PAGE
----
When you take out a loan, you usually have to pay off the sum you borrowed - the principal - and a percentage of that amount as interest. This is normally done via one or several payments made over a pre-set timescale.
Compound interest works slightly differently. Instead of paying the same amount of money at regular intervals, you’ll have to pay an ever-increasing amount of money on each payment date.
The reason for this is that your interest payment will be based on the principal plus the prior interest payment you made. This is easy to understand when you see it in an example.
Let’s say someone borrowed £10,000 that had to be paid back at the end of ten years, with an annual interest rate of 2 per cent per.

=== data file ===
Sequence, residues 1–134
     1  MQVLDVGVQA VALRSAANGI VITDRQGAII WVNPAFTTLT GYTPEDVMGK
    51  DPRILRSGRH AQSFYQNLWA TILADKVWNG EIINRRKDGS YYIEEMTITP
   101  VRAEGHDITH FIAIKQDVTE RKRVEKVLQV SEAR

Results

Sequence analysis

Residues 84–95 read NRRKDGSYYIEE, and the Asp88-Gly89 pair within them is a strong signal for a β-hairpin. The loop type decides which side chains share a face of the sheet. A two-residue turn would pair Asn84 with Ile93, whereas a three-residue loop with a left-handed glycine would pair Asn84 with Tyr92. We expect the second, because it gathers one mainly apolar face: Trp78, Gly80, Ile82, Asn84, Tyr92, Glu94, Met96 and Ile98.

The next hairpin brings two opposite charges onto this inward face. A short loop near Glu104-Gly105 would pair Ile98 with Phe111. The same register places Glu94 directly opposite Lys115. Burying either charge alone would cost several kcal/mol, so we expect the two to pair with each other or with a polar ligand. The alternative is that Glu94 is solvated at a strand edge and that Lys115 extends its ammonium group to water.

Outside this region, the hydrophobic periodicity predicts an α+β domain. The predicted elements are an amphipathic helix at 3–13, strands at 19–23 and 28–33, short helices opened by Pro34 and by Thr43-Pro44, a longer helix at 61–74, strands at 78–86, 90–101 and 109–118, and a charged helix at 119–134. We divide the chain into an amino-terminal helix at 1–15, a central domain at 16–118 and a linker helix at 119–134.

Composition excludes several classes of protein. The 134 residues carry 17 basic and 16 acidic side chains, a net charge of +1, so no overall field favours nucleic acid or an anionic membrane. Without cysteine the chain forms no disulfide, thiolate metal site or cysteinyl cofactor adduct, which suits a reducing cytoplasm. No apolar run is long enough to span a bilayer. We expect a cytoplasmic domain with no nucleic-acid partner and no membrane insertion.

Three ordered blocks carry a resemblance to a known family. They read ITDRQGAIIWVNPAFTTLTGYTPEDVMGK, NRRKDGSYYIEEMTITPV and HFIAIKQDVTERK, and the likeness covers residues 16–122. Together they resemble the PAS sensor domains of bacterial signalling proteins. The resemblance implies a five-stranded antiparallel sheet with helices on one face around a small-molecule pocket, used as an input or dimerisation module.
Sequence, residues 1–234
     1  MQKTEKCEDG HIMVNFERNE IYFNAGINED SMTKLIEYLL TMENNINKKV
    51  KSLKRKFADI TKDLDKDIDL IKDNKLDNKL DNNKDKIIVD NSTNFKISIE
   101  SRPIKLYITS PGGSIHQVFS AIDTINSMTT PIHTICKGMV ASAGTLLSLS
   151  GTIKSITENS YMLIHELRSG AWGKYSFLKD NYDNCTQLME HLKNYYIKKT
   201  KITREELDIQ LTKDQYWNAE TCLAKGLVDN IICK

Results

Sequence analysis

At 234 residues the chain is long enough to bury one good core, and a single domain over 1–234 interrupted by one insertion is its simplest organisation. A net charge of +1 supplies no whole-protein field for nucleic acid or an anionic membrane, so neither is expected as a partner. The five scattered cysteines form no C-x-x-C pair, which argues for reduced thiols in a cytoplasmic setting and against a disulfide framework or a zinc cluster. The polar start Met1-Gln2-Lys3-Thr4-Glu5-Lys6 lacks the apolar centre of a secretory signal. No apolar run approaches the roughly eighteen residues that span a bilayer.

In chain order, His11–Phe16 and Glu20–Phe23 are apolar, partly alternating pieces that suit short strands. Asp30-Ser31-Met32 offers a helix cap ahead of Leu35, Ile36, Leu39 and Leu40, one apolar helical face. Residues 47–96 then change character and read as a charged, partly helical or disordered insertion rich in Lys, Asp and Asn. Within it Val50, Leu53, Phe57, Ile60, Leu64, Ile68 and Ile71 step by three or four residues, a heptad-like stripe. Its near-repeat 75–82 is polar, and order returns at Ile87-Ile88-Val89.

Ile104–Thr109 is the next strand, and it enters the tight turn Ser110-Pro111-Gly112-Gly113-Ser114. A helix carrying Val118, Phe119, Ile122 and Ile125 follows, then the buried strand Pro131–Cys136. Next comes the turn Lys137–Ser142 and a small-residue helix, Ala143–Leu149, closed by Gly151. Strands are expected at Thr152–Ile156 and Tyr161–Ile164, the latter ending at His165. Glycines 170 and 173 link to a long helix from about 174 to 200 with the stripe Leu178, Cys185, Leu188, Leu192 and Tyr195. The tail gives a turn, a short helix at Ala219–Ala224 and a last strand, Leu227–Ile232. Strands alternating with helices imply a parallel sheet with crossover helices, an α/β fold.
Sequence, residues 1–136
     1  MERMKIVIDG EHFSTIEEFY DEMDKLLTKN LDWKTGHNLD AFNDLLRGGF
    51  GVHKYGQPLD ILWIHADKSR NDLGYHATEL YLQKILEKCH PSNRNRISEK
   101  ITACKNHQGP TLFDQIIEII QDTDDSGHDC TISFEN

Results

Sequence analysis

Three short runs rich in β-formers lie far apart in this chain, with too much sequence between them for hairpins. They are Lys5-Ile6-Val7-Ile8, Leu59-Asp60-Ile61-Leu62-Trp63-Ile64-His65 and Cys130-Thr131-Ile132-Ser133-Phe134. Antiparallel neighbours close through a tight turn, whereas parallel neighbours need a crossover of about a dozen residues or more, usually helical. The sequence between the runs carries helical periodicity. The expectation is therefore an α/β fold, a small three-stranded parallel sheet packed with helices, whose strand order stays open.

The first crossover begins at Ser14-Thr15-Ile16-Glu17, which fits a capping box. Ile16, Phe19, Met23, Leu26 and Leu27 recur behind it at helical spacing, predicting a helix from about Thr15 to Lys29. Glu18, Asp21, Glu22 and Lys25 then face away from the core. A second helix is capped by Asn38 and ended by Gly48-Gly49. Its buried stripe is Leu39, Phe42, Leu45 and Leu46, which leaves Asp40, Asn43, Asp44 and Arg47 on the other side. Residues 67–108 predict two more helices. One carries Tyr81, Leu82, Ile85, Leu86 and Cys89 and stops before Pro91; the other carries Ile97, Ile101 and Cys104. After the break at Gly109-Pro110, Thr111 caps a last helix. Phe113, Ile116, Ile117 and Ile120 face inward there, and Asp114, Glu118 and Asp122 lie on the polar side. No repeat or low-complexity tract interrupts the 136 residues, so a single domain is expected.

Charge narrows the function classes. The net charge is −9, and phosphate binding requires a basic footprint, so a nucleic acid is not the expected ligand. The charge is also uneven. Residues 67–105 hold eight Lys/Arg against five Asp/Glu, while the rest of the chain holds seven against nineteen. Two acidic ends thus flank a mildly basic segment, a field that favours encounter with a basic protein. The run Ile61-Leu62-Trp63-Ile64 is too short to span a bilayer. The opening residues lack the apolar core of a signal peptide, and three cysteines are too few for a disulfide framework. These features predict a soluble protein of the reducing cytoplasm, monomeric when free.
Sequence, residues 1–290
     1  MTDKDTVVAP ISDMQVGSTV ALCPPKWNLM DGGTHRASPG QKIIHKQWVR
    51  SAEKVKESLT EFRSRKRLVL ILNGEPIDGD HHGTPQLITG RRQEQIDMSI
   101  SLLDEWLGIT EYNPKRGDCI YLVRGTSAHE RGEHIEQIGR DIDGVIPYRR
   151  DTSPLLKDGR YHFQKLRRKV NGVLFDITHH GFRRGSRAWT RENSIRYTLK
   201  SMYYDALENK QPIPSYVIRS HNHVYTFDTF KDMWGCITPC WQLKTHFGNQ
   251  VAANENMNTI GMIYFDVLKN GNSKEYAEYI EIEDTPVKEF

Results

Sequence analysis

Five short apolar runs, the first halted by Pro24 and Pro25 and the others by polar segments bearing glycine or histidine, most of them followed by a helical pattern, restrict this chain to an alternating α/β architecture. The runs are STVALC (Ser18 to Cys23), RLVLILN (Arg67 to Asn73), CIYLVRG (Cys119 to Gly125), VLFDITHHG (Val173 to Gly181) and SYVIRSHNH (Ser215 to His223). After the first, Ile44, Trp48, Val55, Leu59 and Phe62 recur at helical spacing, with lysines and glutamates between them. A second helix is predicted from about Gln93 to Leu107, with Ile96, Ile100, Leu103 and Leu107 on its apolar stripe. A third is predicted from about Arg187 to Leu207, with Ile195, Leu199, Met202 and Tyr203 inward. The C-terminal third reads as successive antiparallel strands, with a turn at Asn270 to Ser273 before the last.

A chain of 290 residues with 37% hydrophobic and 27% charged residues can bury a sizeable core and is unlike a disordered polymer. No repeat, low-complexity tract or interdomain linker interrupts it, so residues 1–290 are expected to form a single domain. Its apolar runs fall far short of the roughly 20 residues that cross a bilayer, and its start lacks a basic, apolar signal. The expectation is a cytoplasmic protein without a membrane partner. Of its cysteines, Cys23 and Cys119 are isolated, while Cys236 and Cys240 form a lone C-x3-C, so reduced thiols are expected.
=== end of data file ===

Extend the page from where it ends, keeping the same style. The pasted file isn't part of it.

With a normal loan that would mean the borrower would have to pay interest of £200 for each of those ten years. Add that to the principal and, at the end of ten year period, the borrower would have to pay back £12,000.
If someone took the same loan but had to pay compound interest, things would look slightly different:
As you can see, the borrower will end up having to pay £12,189.94, slightly more than the regular loan which would have ended up costing £12,000.
A difference of £189.94 isn’t too bad but if a loan has a higher and more frequent interest rate, it can make borrowing very, very expensive.